Wilton’s Music Hall, London
June 7-July 1, then touring
Director: Sasha Regan
Producer: Regan De Wynter Williams
Musical director: Anto Buckley
Running time: Two hours 30 including interval
Cast: Elliot Akeister, Shane Antony-Whitely, Oliver Bradley-Taylor, Owen Clayton, Patrick Cook, Harry Cooper-Millar, Struan Davidson, George Dawes, Declan Egan, Francisco Gomes, Christopher Hewitt, Sam Kipling, Lewis Kennedy, David McKechnie, Aidan Nightingale, Richard Russell Edwards.
In 1885, when the Mikado began delighting audiences, it was expedient to set the splendidly silly light opera in Japan to give it maximum freedom to satirise British institutions.
Director Sasha Regan, renowned across the land for her saucy, single-sex versions of Gilbert and Sullivan, travels in time not space to send up a 1950s public school camping trip, in its way as exotic as imperial Japan.
From the outset, she has the audience exploding with laughter at the spectacle of grown men in shorts of varying lengths. In an atmosphere that keeps the darkest forces at bay, we embrace a topsy-turvy world of appalling dilemmas created by idiotic laws that hark back to the nonsense of Lewis Carroll rather than insisting on troubling comparisons with the arbitrariness and dysfunctionality of our own political realities.
The greatest joys are in the second half, when the plot is cranked to the height of absurdity and the pressing question is how a happy ending can be contrived.
Given the startling absence of good judgement, the best hope is that good luck will prevail, and, as in Regan’s previous work, the richness of the comedy stems from the genuine tension and emotion generated.
As the lovers crossed by man and his laws, Miss Violet Plumb (Sam Kipling) and Bertie Hugh (Declan Egan) may appear ridiculous – Violet in ultra short shorts, all the better to display her legs, and Bertie in 1950s knitted waistcoat – but they stir us with their musical harmony and their painful predicament that, however improbable, acquires the force of truth.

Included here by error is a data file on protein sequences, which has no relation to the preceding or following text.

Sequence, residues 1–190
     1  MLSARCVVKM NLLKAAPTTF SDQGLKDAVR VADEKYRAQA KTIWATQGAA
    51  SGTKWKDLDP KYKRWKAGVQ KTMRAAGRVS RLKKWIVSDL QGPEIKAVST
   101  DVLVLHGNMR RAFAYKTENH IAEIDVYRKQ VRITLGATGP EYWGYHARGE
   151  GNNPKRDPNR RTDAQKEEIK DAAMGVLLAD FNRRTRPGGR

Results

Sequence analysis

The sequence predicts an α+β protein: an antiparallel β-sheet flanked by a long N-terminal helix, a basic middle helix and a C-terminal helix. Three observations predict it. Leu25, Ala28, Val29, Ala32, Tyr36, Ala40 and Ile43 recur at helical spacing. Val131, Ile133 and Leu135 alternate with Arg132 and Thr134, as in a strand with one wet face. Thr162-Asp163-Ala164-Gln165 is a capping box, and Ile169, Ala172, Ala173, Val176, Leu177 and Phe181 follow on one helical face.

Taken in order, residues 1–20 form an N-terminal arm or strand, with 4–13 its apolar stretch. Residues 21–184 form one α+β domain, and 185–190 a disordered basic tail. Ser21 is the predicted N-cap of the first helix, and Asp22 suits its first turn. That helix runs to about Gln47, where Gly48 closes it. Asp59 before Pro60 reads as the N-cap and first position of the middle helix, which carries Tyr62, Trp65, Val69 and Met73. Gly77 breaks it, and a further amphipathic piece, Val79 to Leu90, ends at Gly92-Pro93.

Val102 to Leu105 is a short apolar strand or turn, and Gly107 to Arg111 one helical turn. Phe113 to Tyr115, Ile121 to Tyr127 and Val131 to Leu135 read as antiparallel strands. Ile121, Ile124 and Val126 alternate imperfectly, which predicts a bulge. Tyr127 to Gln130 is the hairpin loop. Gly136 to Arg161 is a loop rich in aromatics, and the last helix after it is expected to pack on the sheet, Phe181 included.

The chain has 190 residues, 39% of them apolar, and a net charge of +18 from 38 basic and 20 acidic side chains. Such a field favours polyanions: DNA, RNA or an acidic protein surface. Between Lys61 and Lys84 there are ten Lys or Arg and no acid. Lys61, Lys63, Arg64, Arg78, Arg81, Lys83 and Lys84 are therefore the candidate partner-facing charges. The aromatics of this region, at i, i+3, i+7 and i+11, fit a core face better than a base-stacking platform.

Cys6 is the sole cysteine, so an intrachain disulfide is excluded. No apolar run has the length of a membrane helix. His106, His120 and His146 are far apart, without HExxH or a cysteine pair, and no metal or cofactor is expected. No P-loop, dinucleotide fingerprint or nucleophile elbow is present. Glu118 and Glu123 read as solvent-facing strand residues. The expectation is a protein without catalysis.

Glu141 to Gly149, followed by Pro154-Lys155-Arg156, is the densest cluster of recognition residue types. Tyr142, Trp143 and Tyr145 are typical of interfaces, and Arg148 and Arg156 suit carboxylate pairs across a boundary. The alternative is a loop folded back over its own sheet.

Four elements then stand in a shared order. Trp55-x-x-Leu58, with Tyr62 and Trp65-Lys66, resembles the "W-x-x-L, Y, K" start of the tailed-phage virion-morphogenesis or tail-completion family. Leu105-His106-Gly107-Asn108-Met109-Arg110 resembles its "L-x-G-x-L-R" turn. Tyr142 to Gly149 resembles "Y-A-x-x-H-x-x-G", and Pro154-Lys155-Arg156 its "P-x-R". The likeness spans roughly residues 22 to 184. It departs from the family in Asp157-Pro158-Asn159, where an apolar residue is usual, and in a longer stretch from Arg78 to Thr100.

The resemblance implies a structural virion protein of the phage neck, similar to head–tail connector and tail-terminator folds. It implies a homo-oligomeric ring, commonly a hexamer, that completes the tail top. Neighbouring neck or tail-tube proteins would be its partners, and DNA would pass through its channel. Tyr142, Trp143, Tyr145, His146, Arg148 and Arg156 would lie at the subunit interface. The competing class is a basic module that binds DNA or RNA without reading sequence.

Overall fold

Their adversaries, more muddling than malign, are led somewhat accidentally by David McKechnie as Mr Cocoa (as opposed to Ko-Ko in the original Japanese setting), a lowly tailor, familiar with only sartorial suits, who has had the office of Lord High Executioner thrust upon him.
McKechnie’s standout performances are his little list, amended for our times, and a rendition of Tit Willow sufficiently tender to soothe the lovelorn Kitty Shaw, played by Christopher Hewitt, redoubtable, yet poignant, in tweed.
Lewis Kennedy as the Mikado, towers above them all as the constraints of a small stage are turned to great effect in a production that thrives on the disproportionate. Similarly, the schoolboys are all the more overgrown because they fill the available space.
Aidan Nightingale, as Albert Barr, relishes his multiple high offices, while Kipling’s soaringly musical Plumb is accompanied by the tripping Owen Clayton as Bluebell Tring and Richard Russell Edwards, adept at physical comedy, as Hebe Flo.
Complete with an ensemble in powerful voice, Regan’s warm and humane Mikado is a reminder of how much theatre’s most reliable crowd pleasers – musicals, and also pantomimes, – owe to the surprisingly modern wit of the Victorian era.
Barbara Lewis © 2023.